I stood in front of the Galleria Borghese, my eyes darting between three lines that seemed to snake for equally infinite distances through the elaborate Baroque gardens before the villa, trying to decide which to join. It was Museum Night in Rome: the single night of the year when all of its fabled attractions are open to the public, and at 8:00 P.M., when the evening began, the most famous sights were mobbed. It was also my first night in Rome, the beginning of a solo backpacking adventure I had planned through Italy and Spain, and I gloated a little that I had discovered such a budget-friendly way to take in its greatest works of art.
What I hadn’t discovered, unfortunately, was that anyone who wanted to take advantage of the city’s offer had needed to make a reservation: no one could even buy tickets for another week, someone told me when I finally joined one of the lines.
I deflated. All the strain of my journey finally hit me, and I shrank two inches as its weight slumped my shoulders. So far, I had traveled for three hours from the airport to my hostel, using a delayed bus and a re-routed metro line; met the receptionist, who had flirted with me in a shameless way that I had already learned was an Italian trademark, and made me grateful I was only staying for two nights; and trekked through the streets of the city trying to identify famous landmarks like the Trevi Fountain, only to realize that my map was useless (streets here had one name on the first block and then, abruptly, a new one at the next corner) and to consequently get hopelessly lost. And now I was standing in a line that wouldn’t get me anywhere.
Just as I was turning to leave, someone tapped me on the shoulder and asked, “Avete prenotato?” It was a small girl with long dark hair and a round face, and she looked concerned.
Most of my Italian had been learned from Sophia Loren movies and a few half-hearted attempts to study an iTunes podcast, but using my high school Spanish and an Italian accent I managed to convey that, no, I was an idiot and had not realized that the museum might maybe be kind of sort of busy tonight.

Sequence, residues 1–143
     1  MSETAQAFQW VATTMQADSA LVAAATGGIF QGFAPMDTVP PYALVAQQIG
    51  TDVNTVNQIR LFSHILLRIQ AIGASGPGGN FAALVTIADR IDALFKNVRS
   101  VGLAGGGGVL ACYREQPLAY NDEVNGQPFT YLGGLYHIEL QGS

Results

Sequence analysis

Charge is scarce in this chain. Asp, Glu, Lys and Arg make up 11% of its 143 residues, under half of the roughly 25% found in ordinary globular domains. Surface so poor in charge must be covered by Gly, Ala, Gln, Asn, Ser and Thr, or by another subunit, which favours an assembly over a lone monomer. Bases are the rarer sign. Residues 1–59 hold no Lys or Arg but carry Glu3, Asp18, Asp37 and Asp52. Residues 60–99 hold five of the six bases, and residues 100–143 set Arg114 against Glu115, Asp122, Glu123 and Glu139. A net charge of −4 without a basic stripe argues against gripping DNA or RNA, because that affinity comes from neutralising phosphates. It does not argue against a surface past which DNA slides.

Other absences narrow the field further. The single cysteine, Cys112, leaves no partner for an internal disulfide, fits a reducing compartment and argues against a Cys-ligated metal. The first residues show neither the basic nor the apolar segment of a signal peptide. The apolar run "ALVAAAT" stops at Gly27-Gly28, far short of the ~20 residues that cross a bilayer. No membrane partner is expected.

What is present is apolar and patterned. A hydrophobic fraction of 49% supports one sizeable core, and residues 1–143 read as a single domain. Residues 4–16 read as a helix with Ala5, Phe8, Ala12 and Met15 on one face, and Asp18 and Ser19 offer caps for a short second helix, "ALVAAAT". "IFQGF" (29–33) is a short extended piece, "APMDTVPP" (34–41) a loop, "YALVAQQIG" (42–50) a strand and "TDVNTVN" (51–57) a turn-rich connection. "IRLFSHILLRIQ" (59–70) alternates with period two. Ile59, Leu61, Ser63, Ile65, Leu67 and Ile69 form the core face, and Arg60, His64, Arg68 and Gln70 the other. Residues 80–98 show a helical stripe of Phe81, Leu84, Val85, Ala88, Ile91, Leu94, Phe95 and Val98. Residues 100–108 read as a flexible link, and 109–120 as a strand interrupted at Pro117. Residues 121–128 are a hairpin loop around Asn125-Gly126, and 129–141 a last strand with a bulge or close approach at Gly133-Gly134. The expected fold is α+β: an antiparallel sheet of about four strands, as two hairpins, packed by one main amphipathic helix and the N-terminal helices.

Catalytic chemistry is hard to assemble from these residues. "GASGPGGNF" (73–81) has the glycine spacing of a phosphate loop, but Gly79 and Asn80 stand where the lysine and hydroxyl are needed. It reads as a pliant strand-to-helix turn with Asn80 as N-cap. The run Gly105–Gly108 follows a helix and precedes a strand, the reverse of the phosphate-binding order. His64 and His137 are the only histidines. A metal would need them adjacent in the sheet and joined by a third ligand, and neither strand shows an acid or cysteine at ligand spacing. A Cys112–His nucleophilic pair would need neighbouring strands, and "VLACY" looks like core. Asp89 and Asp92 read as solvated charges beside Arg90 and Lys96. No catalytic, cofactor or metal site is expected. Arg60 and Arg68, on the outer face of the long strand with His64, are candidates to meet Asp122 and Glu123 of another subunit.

“Con me,” she said, smiling and beckoning me forward.
“Che?” I asked.
She had an extra space on her reservation, I learned, for a friend who hadn’t been able to come. And then we were sweeping past the lines and into the entrance hall, where she speedily procured our tickets, relieved me of my bag at the coat room, and led me past the ranks of disappointed tourists and up the monumental steps.
“Sei la guida, no?” the security guard asked her as she shepherded me inside. She shook her head and laughed, but I nodded in agreement. She definitely was my guide.
I spent the next two hours wending my way through rooms gilded in gold and ringed with moldings and cornices so ornate I couldn’t imagine how anyone had ever cleaned them. I had to keep reminding myself to look up, because the ceilings were covered in frescoes as beautiful as any of the paintings that hung on the walls. I saw more sculptures by Bernini than I’d ever read about in my art history textbooks. I marveled at the wealth of a family that had commanded the resources to commission all these works and fill their home with such opulent beauty. Maria – the girl who had rescued me – her boyfriend Anthony, and their friends Luisa and Carlo walked with me the whole way, glancing over for my reaction at each new piece.
“Bellissimo,” I kept saying. “Bellissimo!”
We weren’t able to communicate well, but I did my best. The girls were studying to be dentists, and Maria was originally from Ecuador. They had met the boys at a party a few weeks ago. They didn’t know much about art, but they loved it. I just kept smiling and nodding and saying “bellissimo!” I didn’t mind the language barrier much until we reached the exit and I couldn’t express how deeply grateful I was for the favor they had done me. The art in the museum was beautiful, but Maria’s smile and chatter had left a far greater impression.
“Si figuri!” Maria said. Forget it, it’s nothing!
But I wouldn’t forget it, and it wasn’t nothing. I was sure, now, that as long as there were strangers in Rome with such warmth and kindness, my trip couldn’t end in disaster. I walked back to my hostel in the dark, passing Italians beginning their evening meals at street side tables lit with candles. And I didn’t get lost once.
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